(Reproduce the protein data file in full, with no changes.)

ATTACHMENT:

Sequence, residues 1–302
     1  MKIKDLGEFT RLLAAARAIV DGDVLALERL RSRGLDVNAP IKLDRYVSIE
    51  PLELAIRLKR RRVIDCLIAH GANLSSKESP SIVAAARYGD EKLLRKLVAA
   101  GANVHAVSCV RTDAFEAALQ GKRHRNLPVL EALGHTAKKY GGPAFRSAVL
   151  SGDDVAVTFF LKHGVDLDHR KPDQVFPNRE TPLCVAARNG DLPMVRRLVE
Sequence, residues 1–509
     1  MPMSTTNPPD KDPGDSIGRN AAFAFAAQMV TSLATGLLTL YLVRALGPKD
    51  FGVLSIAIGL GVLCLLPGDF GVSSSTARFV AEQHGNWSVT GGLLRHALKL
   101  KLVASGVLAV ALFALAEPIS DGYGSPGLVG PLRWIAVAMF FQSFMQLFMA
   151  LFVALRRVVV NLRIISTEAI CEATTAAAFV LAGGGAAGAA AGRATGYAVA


Sequence, residues 1–302
     1  MKIKDLGEFT RLLAAARAIV DGDVLALERL RSRGLDVNAP IKLDRYVSIE
    51  PLELAIRLKR RRVIDCLIAH GANLSSKESP SIVAAARYGD EKLLRKLVAA
   101  GANVHAVSCV RTDAFEAALQ GKRHRNLPVL EALGHTAKKY GGPAFRSAVL
   151  SGDDVAVTFF LKHGVDLDHR KPDQVFPNRE TPLCVAARNG DLPMVRRLVE
Sequence, residues 1–509
     1  MPMSTTNPPD KDPGDSIGRN AAFAFAAQMV TSLATGLLTL YLVRALGPKD
    51  FGVLSIAIGL GVLCLLPGDF GVSSSTARFV AEQHGNWSVT GGLLRHALKL
   101  KLVASGVLAV ALFALAEPIS DGYGSPGLVG PLRWIAVAMF FQSFMQLFMA
   151  LFVALRRVVV NLRIISTEAI CEATTAAAFV LAGGGAAGAA AGRATGYAVA